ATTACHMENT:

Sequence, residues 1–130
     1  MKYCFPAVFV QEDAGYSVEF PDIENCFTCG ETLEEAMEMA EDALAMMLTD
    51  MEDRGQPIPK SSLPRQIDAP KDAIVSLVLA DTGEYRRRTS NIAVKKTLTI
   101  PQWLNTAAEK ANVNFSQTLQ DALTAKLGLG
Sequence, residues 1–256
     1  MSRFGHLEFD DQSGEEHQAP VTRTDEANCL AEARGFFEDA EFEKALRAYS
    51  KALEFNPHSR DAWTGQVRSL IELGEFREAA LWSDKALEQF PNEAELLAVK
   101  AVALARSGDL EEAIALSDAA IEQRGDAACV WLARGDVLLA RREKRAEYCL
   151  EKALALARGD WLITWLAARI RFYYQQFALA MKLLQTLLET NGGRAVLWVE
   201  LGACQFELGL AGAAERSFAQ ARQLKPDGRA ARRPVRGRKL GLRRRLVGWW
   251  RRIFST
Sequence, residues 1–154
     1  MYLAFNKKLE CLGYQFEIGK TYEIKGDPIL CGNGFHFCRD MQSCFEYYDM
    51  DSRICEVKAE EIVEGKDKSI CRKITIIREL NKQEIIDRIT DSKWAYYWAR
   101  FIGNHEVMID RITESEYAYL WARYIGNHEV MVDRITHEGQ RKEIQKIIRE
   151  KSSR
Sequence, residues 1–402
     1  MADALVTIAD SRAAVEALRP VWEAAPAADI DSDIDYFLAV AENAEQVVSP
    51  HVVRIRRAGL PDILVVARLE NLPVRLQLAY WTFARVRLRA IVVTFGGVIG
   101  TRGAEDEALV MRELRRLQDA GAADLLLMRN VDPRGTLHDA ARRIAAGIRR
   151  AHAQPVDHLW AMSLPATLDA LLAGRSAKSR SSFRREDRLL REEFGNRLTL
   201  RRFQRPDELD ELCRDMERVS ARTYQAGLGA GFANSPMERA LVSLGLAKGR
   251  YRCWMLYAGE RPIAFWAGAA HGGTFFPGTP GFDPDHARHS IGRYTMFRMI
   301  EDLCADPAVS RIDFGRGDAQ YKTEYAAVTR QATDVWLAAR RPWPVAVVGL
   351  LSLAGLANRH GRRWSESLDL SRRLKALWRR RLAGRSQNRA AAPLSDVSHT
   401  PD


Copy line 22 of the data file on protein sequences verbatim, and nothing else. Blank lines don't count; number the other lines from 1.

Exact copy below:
   201  RRFQRPDELD ELCRDMERVS ARTYQAGLGA GFANSPMERA LVSLGLAKGR